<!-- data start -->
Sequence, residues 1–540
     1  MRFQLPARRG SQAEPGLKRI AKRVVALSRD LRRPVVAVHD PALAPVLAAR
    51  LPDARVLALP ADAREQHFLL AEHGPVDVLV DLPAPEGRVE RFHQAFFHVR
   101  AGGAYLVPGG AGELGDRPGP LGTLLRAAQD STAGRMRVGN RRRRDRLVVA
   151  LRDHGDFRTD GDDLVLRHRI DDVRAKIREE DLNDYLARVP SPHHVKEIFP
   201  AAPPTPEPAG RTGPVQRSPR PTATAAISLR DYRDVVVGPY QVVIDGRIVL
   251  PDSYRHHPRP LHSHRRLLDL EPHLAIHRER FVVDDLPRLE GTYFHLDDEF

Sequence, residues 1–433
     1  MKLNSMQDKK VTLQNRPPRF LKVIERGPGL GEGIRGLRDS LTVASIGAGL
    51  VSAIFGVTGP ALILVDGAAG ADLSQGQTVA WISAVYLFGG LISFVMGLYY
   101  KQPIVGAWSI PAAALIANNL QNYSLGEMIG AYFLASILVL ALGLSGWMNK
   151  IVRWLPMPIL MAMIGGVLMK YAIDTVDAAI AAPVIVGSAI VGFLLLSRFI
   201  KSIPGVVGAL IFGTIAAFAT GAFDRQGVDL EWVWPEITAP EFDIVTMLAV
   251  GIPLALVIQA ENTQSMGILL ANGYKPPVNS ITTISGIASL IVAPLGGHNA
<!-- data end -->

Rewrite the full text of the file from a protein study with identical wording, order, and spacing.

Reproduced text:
Sequence, residues 1–540
     1  MRFQLPARRG SQAEPGLKRI AKRVVALSRD LRRPVVAVHD PALAPVLAAR
    51  LPDARVLALP ADAREQHFLL AEHGPVDVLV DLPAPEGRVE RFHQAFFHVR
   101  AGGAYLVPGG AGELGDRPGP LGTLLRAAQD STAGRMRVGN RRRRDRLVVA
   151  LRDHGDFRTD GDDLVLRHRI DDVRAKIREE DLNDYLARVP SPHHVKEIFP
   201  AAPPTPEPAG RTGPVQRSPR PTATAAISLR DYRDVVVGPY QVVIDGRIVL
   251  PDSYRHHPRP LHSHRRLLDL EPHLAIHRER FVVDDLPRLE GTYFHLDDEF

Sequence, residues 1–433
     1  MKLNSMQDKK VTLQNRPPRF LKVIERGPGL GEGIRGLRDS LTVASIGAGL
    51  VSAIFGVTGP ALILVDGAAG ADLSQGQTVA WISAVYLFGG LISFVMGLYY
   101  KQPIVGAWSI PAAALIANNL QNYSLGEMIG AYFLASILVL ALGLSGWMNK
   151  IVRWLPMPIL MAMIGGVLMK YAIDTVDAAI AAPVIVGSAI VGFLLLSRFI
   201  KSIPGVVGAL IFGTIAAFAT GAFDRQGVDL EWVWPEITAP EFDIVTMLAV
   251  GIPLALVIQA ENTQSMGILL ANGYKPPVNS ITTISGIASL IVAPLGGHNA